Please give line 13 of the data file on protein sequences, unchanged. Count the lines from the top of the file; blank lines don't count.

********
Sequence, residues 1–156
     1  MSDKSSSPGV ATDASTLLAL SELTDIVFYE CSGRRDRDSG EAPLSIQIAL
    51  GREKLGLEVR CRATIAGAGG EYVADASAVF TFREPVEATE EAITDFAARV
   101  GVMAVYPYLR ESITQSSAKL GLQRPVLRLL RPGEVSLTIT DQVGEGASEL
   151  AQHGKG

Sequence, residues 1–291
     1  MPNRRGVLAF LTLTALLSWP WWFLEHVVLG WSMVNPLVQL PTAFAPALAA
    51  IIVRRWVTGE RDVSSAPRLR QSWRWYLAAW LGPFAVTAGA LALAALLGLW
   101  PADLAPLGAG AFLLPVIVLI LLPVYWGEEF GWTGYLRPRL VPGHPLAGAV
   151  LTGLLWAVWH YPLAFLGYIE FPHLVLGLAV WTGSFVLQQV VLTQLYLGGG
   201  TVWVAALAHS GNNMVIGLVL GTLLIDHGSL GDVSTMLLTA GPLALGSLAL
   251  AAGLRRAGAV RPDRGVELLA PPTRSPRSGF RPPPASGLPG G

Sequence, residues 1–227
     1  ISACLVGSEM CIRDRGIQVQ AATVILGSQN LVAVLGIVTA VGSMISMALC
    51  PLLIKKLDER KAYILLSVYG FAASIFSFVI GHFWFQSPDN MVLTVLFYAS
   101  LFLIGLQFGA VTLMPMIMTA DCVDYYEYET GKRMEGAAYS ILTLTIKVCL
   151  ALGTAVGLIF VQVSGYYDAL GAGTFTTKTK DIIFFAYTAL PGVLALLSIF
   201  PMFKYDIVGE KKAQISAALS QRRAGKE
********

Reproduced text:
Sequence, residues 1–227